Growing passion for rugby created the necessary impetus for another double victory over the College’s most traditional rivals, St John’s and St Stithians, in 1985. In fact, St Albans achieved the double from 1985 through to 1988. The records of the First XV side from 1986 to 1988 are remarkable. In 1986 the First team played 18 matches, winning thirteen of them and scoring 56 tries. Sabastian “Bastie” Schoeman scored 13 tries at centre and Trevor Lekota scored 14 from wing. All in all, Schoeman scored an outstanding 29 in 28 games for the First XV. In terms of games won and tries scored, the 1987 and 1988 sides were the best First Teams in history, and thus presented a most fitting  occasion for Paul Davies to bow out of his First XV coaching career. Charles Anderson, who had been the College’s Second XV coach, took over the helm and began to encourage all the College teams to play “more direct”, as Ian McIntosh was asking the Natal team to do at the time. “Attack the advantage line” was his mantra, and he had a flyhalf in Dan Van Zyl who could do just that. Van Zyl went on to play first-class rugby for the Pumas, the Blue Bulls, Western Province and the Stormers. He even represented the Springboks on two end-of-year tours European tours in 1996 and 2000.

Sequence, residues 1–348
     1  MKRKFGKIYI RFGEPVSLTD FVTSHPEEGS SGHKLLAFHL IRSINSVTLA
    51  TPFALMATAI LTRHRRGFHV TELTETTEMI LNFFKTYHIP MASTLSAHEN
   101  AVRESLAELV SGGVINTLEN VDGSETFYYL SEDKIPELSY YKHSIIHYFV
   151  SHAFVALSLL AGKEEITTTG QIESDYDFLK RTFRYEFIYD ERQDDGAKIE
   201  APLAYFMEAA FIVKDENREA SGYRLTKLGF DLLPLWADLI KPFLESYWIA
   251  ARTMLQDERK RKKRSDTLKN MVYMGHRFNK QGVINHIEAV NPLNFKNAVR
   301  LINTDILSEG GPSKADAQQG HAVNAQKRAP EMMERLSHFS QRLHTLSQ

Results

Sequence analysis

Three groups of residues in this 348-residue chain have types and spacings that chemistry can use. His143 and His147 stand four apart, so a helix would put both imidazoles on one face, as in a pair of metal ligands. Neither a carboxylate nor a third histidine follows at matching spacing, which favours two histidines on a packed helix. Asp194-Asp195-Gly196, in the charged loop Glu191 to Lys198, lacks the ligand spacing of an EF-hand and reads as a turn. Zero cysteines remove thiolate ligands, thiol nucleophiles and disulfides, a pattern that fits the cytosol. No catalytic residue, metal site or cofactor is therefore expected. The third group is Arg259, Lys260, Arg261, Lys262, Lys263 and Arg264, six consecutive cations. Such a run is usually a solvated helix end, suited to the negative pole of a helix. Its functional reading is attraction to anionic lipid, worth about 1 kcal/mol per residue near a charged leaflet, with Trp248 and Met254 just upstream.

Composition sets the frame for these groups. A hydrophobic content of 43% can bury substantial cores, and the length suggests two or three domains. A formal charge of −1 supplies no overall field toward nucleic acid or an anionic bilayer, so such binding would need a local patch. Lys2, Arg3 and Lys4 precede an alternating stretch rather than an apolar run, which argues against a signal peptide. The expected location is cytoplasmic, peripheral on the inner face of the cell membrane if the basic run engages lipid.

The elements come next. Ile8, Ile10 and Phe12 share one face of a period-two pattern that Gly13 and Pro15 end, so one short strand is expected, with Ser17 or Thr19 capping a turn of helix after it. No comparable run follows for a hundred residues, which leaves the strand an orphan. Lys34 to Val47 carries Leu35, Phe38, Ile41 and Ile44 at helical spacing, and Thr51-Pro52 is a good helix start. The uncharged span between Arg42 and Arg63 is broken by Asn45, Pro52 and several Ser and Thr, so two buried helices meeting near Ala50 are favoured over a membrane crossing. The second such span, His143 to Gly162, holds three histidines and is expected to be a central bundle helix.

New coach Tom Hamilton began his tenure by accompanying the 1993 side on the College’s debut overseas tour of England and Wales. The tour abroad marked the offset of what was to be an awe-inspiring, record-breaking season. The First XV scored 372 points playing thrilling, expansive rugby. The fixture list was constantly expanding to include, in addition to the traditional rivals of St Stithian’s and St John’s, schools such as Helpmekaar, Parktown Boys and Westville. The First XV broke the points record again in 1996, scoring a superlative 591 points and touching down 83 times. The side’s outstanding success aptly culminated in a second tour overseas, this time to South America. They won eight out of 11 matches, including the International Festival in Santiago.

Another record from this era worth bringing to light is that of David Mukhari, who played 89 matches fro the First XV, missing only two matches in three seasons. He is currently a member of the St Alban’s staff and is exceptionally committed to coaching College as well as Blue Bulls players.

The new millennium ushered in Fanie Nortje as Master in charge of rugby and his first triumph was to foster a mutually beneficial relationship between the College and the Blue Bulls Rugby Union. St Alban’s entered into the Bulls High School league while maintaining traditional fixtures. This certainly shifted the College into the Union’s spotlight. Talented players moved into the selectors’ line of vision. More College boys got the exposure they craved and many were beginning to represent the Bulls at Under-16, Under-18 and Under-19 levels.

The FNB Classic Clah between St Alban’s and neighbouring Hoërskool Menlopark has become a much anticipated annual fixture in the Pretoria community and has seen fiercely contested games. St Alban’s remains focused on its unique style of open, attractive, ball-in-hand rugby and looks forward with optimisim and excitement to the years ahead.